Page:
If you answered "grounding," you got the
wrong answer. Article 250 provides the requirements for grounding
and bonding. That's an important distinction, because many
people misapply grounding in place of bonding. This creates
enormously expensive problems as well as dangers to people.
[250.2] It's an intentionally constructed,
permanent, low-impedance path for current under ground fault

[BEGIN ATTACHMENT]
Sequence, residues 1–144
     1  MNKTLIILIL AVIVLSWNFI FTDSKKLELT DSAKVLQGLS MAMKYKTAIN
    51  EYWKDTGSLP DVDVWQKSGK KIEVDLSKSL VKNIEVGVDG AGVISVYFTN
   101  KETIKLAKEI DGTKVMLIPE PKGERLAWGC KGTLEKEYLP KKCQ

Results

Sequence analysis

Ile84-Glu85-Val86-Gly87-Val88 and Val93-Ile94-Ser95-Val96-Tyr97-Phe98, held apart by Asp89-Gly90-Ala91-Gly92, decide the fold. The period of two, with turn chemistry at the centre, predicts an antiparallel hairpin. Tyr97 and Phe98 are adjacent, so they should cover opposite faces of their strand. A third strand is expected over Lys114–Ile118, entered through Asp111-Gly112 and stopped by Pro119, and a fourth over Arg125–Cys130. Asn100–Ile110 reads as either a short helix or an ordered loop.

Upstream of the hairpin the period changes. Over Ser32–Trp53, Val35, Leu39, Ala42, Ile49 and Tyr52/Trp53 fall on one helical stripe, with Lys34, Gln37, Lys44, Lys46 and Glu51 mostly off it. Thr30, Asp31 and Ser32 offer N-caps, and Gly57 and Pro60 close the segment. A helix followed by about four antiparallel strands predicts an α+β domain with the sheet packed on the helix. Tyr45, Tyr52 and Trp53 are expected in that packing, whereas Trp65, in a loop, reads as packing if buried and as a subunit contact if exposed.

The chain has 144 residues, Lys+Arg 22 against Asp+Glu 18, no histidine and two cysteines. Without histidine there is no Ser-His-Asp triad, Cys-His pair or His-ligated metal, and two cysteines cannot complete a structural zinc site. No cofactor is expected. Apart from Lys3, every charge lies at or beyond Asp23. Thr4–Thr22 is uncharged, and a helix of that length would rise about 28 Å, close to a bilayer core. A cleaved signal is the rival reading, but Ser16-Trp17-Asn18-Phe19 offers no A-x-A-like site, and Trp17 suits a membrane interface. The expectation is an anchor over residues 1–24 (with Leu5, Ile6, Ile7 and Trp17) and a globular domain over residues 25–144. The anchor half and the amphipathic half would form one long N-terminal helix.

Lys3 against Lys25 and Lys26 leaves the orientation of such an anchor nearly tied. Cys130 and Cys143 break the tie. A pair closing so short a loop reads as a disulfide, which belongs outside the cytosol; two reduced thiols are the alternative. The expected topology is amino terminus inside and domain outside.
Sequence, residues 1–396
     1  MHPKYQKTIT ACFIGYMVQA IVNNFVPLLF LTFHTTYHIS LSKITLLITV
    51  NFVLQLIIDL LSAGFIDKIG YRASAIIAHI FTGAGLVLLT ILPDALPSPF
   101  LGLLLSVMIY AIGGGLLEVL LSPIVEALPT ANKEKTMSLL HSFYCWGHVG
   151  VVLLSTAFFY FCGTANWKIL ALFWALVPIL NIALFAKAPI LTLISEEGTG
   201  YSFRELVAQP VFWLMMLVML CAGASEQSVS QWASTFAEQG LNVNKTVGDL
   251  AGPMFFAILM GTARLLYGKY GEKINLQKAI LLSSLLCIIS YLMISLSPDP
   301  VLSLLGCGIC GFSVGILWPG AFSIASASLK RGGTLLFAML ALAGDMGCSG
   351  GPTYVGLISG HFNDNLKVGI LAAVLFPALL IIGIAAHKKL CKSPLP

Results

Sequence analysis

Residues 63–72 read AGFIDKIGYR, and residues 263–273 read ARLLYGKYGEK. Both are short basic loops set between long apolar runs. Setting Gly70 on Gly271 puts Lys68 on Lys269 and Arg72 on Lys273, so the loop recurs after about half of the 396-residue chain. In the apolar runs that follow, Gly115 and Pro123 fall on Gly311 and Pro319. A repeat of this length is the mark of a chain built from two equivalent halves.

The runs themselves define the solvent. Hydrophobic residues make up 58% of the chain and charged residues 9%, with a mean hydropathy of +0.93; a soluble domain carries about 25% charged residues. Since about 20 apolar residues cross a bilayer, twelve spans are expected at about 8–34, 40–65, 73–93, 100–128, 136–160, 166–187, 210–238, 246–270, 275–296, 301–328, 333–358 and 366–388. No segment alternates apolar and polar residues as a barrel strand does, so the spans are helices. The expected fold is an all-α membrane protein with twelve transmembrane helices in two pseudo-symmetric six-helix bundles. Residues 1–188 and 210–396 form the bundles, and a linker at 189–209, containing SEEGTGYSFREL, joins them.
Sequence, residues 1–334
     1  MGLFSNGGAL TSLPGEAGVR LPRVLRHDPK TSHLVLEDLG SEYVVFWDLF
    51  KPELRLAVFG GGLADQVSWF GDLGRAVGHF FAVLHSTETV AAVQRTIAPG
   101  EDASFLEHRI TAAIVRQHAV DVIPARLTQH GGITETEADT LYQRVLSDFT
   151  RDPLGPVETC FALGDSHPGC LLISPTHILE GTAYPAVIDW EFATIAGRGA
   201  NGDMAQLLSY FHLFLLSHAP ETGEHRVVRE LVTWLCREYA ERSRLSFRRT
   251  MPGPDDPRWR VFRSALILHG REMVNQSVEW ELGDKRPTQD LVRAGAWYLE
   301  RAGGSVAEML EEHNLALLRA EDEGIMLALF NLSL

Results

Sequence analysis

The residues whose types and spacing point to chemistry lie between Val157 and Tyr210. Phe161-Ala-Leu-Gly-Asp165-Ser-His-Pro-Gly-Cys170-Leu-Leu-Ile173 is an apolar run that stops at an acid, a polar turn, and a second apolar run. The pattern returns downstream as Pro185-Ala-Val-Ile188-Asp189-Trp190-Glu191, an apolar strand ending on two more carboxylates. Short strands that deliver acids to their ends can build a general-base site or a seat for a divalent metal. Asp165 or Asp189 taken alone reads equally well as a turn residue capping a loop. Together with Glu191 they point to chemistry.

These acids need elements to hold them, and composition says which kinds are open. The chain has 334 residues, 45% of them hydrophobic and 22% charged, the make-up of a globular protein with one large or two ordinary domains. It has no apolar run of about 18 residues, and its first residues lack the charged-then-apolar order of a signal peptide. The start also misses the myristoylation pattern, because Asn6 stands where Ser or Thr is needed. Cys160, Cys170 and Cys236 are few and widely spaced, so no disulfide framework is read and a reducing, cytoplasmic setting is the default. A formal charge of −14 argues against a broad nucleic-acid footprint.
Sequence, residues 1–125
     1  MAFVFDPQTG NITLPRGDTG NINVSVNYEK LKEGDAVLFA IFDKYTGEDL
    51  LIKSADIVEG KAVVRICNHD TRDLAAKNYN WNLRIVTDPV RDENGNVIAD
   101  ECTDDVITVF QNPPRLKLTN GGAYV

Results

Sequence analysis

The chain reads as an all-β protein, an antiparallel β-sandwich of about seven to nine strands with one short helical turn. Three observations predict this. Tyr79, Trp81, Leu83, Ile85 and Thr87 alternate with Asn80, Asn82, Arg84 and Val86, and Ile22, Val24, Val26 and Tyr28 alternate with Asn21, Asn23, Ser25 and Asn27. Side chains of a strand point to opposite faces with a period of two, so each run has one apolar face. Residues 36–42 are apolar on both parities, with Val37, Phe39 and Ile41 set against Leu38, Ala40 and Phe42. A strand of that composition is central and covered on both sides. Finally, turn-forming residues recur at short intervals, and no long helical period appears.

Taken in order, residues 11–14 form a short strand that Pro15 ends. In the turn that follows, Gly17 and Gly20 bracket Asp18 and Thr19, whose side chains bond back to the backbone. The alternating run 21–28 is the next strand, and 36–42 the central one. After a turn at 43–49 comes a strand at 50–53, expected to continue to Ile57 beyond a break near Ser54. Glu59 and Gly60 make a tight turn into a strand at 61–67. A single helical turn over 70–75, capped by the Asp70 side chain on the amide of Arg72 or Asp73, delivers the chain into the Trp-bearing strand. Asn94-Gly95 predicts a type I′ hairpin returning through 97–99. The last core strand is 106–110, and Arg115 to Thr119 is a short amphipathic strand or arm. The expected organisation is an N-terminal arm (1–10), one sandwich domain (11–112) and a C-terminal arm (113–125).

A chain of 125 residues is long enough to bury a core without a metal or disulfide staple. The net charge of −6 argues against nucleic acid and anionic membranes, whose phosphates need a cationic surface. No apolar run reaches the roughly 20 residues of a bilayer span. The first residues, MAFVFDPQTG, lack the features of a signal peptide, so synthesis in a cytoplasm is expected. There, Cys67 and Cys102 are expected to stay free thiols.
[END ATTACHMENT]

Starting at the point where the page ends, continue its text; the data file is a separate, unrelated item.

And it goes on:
[250.2] A ground fault is an unintentional
connection between an ungrounded conductor and bonded metallic
objects (which the NEC refers to as "grounded," but see the Article
100 definitions of "grounded" and "bonded").
[250.2] It's the path electricity takes in the
event of a ground fault. What you want is an intentional
ground fault path that directs ground fault current properly.
Otherwise, the ground fault path may include people and equipment.
[250.2 FPN] Examples include piping, metal
frameworks, cable sheaths, ductwork, and other conducting bodies.